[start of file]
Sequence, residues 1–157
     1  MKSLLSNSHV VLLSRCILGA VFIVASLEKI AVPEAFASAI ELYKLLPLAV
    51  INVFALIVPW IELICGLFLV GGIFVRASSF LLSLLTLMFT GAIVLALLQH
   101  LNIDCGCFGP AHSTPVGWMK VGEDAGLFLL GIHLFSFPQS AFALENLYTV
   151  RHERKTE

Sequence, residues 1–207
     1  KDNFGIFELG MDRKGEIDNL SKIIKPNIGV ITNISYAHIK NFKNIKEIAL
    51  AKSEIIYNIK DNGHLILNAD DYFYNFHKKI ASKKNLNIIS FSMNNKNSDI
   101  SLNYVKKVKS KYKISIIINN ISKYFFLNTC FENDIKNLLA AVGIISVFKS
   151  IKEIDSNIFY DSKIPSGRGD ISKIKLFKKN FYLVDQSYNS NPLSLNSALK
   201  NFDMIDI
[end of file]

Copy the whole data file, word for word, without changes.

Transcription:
Sequence, residues 1–157
     1  MKSLLSNSHV VLLSRCILGA VFIVASLEKI AVPEAFASAI ELYKLLPLAV
    51  INVFALIVPW IELICGLFLV GGIFVRASSF LLSLLTLMFT GAIVLALLQH
   101  LNIDCGCFGP AHSTPVGWMK VGEDAGLFLL GIHLFSFPQS AFALENLYTV
   151  RHERKTE

Sequence, residues 1–207
     1  KDNFGIFELG MDRKGEIDNL SKIIKPNIGV ITNISYAHIK NFKNIKEIAL
    51  AKSEIIYNIK DNGHLILNAD DYFYNFHKKI ASKKNLNIIS FSMNNKNSDI
   101  SLNYVKKVKS KYKISIIINN ISKYFFLNTC FENDIKNLLA AVGIISVFKS
   151  IKEIDSNIFY DSKIPSGRGD ISKIKLFKKN FYLVDQSYNS NPLSLNSALK
   201  NFDMIDI